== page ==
The compelling evidence for incorporating nature into urban environments, a literature review.
Green Infrastructure is the network of green places and water systems that delivers multiple environmental, social and economic values and services to urban communities. This network includes parks and reserves, backyards and gardens, waterways and wetlands, streets and transport corridors, pathways and greenways, farms and orchards, squares and plazas, business and institutional green areas, roof gardens and living walls, sports fields and cemeteries.
Green Infrastructure is critical to the health, liveability and sustainability of urban environments. It strengthens the resilience of towns and cities to respond to the major current and future challenges of growth, health, climate change and biodiversity loss, as well as water, energy and food security.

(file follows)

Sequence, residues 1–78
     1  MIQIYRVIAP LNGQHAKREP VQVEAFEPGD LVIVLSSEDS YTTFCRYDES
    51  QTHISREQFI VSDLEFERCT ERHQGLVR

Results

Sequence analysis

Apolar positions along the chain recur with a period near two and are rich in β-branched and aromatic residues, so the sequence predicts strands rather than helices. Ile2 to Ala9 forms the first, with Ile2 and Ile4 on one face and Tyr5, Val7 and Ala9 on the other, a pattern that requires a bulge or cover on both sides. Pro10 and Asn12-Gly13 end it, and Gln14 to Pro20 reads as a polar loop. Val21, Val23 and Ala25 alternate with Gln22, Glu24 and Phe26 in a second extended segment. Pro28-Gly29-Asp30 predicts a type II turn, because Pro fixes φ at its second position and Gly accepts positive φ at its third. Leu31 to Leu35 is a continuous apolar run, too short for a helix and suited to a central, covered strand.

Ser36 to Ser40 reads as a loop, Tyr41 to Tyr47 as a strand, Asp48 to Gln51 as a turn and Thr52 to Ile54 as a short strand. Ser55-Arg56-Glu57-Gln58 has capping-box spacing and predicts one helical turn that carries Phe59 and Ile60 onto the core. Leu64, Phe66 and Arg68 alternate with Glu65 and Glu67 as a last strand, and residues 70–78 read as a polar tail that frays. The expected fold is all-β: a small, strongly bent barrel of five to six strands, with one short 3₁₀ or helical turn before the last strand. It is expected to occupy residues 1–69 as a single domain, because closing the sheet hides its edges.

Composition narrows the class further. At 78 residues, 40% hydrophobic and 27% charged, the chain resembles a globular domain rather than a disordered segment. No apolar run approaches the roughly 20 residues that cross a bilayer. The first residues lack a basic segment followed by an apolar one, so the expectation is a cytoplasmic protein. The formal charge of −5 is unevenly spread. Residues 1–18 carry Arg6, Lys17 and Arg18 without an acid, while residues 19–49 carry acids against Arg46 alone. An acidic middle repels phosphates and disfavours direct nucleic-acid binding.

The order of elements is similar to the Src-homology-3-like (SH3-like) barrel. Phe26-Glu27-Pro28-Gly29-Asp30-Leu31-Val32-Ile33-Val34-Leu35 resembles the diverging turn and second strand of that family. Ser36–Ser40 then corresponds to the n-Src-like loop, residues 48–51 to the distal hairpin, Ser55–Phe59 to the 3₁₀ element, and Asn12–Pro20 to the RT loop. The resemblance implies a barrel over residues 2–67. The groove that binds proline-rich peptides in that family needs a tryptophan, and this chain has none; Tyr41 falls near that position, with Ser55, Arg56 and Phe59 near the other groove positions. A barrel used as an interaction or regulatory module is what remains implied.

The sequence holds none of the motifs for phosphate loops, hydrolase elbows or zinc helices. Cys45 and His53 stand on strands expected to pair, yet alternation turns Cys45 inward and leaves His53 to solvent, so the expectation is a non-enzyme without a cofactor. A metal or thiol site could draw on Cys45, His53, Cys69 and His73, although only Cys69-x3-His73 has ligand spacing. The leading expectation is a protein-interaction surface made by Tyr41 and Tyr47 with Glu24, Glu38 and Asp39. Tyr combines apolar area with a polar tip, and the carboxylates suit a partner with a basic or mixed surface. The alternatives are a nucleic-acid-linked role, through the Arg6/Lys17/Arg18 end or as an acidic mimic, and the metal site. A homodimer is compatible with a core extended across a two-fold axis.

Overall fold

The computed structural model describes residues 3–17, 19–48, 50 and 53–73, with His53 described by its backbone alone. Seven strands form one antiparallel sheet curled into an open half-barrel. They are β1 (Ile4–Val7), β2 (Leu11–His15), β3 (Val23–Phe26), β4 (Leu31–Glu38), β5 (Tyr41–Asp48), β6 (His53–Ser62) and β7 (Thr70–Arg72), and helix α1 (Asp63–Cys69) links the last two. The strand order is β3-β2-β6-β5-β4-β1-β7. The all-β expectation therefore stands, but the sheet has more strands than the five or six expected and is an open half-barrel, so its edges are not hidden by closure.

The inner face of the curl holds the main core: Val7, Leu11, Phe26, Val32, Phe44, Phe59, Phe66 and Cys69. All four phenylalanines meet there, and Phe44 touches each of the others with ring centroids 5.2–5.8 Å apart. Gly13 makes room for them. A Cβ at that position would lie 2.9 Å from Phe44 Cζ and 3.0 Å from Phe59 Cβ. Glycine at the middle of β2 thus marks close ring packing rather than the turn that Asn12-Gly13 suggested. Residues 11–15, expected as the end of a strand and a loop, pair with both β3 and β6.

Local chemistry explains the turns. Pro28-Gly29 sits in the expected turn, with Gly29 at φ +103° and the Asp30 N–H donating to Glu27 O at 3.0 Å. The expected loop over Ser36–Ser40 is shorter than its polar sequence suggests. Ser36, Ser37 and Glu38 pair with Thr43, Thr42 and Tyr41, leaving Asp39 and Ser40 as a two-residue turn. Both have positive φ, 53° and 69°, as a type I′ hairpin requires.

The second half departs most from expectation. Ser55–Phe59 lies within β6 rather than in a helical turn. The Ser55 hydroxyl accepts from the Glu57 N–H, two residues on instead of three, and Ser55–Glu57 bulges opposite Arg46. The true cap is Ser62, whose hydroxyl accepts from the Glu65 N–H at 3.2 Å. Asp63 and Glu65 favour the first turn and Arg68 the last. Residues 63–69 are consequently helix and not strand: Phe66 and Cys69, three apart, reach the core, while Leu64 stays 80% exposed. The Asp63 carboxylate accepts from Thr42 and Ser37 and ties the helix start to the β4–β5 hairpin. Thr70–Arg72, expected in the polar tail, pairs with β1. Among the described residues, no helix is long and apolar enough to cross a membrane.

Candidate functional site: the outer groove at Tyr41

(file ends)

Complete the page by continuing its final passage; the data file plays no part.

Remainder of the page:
Two key features of Green Infrastructure that distinguish it from its ‘grey’ counterparts are mutifunctionality and connectivity. Importantly, Green Infrastructure can deliver multiple benefits from the valuable urban space it occupies, compared with single purpose engineering infrastructure. Green Infrastructure also ‘value adds’ by linking and connecting existing green assets, which provides benefits both for people, by enhancing public use opportunities, and for the environment by improving urban ecosystem health and countering habitat fragmentation. (2012) By Dr. Martin Ely and Sheryn Pitman for the Green Infrastructure Project Botanic Gardens of Adelaide, Department of Environment, Water and Natural Resources.
Green Infrastructure webpage at Botanic Gardens of Adelaide